Kay Teo ’16, one of the Thinkathon finalists and a member of the category-winning Team Nineteenth Hole, was struck by the diversity of the ideas and the Thinkathon’s participants. “It was really exciting to see all the student groups represented here.” Her teammate Walden Davis ’16 echoed Teo’s sentiment, saying “I think we had great presentations from a lot of different groups. Very diverse in terms of ideas.”

The winner in the Arts and Performance category was team B&T, which proposed the use of iBeacon technology to incorporate real-time analytics in the operations of the Schwarzman Center. The technology pushes notifications to users’ phones based on proximity to an event or location and can be used to keep track of attendance at an art opening or musical recital.

The Yale College Council team took first place in the Ideas and Opinions category with plans to transform the Presidents Room into a summertime beach getaway to promote mental wellness, combat seasonal affective disorder, and create a relaxing atmosphere.

The Social Events and Spaces category was won by Team Nineteenth Hole, which proposed a modern-day Mory’s for the Schwarzman Center. The team’s vision included a cocktail conveyor belt, a “Looking Glass” interactive table and digital archive, and a “Yale Moments” calendar of university events.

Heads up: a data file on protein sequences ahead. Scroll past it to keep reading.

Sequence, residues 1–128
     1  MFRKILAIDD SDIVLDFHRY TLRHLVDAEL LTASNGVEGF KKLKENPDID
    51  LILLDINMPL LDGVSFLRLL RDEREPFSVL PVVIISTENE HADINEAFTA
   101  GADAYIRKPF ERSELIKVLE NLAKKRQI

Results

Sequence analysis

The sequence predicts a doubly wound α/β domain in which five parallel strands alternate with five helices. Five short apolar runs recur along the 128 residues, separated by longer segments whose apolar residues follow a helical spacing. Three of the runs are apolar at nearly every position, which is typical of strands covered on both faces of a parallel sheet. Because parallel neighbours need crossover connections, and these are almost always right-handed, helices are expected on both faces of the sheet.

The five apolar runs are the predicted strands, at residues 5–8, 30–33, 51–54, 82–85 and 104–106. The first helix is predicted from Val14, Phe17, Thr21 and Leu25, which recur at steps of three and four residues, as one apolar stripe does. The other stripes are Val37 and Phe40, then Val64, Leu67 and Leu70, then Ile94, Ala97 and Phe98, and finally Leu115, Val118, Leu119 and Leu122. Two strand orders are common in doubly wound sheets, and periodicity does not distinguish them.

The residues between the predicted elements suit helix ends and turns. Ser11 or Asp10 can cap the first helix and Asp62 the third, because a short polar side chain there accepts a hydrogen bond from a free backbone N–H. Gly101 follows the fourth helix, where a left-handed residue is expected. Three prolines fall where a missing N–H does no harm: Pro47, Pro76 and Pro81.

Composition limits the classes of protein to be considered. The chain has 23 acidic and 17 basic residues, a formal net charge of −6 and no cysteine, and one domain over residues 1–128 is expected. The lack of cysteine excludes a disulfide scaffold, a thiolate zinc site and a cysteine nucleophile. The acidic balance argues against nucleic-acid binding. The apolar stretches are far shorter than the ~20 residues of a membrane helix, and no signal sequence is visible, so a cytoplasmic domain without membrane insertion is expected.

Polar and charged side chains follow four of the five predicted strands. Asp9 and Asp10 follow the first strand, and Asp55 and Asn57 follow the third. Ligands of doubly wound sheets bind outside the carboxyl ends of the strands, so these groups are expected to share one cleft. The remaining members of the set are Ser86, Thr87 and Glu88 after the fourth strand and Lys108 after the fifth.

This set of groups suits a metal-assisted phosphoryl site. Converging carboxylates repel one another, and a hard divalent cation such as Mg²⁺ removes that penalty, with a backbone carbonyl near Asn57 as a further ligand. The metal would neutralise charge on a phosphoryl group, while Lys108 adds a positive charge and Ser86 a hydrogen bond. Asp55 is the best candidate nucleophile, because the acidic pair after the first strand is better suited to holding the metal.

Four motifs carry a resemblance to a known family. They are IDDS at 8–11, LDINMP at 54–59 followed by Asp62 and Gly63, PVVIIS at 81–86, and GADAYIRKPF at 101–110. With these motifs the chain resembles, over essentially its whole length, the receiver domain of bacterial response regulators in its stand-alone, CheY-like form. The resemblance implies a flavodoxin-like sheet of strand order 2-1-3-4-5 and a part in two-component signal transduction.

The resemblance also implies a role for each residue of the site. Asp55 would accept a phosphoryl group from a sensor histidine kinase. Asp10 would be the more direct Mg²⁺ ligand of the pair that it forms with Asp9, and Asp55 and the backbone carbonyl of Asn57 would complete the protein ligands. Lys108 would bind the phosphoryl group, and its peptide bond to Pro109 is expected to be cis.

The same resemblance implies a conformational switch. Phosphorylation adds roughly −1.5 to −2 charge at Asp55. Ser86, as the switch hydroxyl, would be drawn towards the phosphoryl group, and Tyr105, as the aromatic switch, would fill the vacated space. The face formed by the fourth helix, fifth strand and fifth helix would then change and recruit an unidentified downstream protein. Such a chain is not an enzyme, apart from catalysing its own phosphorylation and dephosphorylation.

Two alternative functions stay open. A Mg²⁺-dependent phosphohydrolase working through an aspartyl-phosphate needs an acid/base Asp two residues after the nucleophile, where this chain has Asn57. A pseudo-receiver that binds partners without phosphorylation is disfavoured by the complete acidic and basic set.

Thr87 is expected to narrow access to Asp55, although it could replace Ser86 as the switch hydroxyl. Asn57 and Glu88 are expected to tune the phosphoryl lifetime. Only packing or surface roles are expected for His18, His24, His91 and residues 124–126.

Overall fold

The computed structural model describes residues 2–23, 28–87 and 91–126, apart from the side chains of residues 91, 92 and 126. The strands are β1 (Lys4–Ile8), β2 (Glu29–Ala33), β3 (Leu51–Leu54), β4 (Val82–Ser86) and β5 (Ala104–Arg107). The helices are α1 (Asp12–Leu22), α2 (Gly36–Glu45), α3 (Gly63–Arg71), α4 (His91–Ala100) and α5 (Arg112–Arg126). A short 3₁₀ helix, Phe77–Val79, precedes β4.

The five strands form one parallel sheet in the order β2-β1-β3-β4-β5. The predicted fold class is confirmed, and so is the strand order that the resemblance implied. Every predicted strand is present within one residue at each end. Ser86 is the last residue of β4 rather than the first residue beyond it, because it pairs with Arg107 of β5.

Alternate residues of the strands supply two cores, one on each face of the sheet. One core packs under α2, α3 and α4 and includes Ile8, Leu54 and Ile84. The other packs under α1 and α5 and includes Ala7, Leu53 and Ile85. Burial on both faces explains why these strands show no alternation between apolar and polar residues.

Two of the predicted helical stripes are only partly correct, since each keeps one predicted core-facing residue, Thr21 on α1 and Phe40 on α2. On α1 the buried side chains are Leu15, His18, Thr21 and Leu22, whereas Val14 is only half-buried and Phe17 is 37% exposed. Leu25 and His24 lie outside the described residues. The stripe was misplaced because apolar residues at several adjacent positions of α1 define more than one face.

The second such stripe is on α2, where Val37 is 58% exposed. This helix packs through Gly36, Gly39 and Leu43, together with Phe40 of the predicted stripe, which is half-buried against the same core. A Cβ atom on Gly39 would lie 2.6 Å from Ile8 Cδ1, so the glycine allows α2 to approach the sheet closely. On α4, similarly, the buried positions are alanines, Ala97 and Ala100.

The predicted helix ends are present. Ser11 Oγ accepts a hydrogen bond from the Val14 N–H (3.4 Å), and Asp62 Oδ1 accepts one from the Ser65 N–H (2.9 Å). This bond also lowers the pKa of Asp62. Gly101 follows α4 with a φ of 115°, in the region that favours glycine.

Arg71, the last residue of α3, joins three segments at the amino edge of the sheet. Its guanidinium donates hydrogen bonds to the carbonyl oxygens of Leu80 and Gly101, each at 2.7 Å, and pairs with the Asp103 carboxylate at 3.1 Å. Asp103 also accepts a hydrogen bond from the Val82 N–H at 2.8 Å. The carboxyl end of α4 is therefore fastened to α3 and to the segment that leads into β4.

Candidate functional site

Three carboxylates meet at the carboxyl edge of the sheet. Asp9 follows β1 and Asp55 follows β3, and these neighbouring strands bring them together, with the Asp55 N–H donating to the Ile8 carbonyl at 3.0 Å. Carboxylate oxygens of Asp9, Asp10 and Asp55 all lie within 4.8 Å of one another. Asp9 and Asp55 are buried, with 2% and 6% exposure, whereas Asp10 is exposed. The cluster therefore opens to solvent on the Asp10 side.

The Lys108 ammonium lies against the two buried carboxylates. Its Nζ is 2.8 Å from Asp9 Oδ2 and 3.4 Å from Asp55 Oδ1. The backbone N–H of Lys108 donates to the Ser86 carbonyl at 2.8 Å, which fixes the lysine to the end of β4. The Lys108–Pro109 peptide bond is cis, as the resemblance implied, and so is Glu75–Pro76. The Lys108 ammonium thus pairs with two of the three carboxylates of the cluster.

Many of the presentations offered designs for the Schwarzman Center that break barriers between Yale’s schools and bring together all members of the Yale community. The Thinkathon’s runner-up, Yale Makes, proposed putting an adult play space with climbable structures in the Schwarzman Center. Cameron Yick ’17 and Datsikas, the originators of the idea, said that all members of the Yale community would enjoy an indoor playground to alleviate stress, and the playspace could also serve as a central location and activity space for student organizations dedicated to mental health and wellness on campus.

The Thinkathon’s Grand Prize winners were graduate students seeking joint M.B.A. and M.F.A. degrees. The Fourth Wall Street proposed using digital projection mapping to create interdisciplinary works of art that could be projected inside the Schwarzman Center and on the building itself. “The Schwarzman Center itself is a really great opportunity to live up to the mission of uniting Yale around ideas and the arts,” remarked Chiara Klein, who served as the team’s presenter. Chiara and her teammates, Koernig and Gretchen Wrigh,  will share the $2,500 grand prize.

The Big Ydea: Schwarzman Center Thinkathon brought together all parts of campus to generate a number of fantastic ideas for the competed Schwarzman Center, noted President Peter Salovey at the event, “When you want creative ideas, bring Yale people into a room, feed them a lot of coffee and food, and stir. You never know what is going to come out of it.”

Secretary and Vice President for Student Life Kimberly Goff-Crews said she was pleased with the diversity that was represented in the competition. “There was a really a good mix of undergraduate, graduate, and professional school students on teams and in the room. Every part of Yale was represented.”

To see a total review of the current facilities and more ideas for what the Schwarzman Center could look like, read the report issued by the Schwarzman Center Advisory Committee.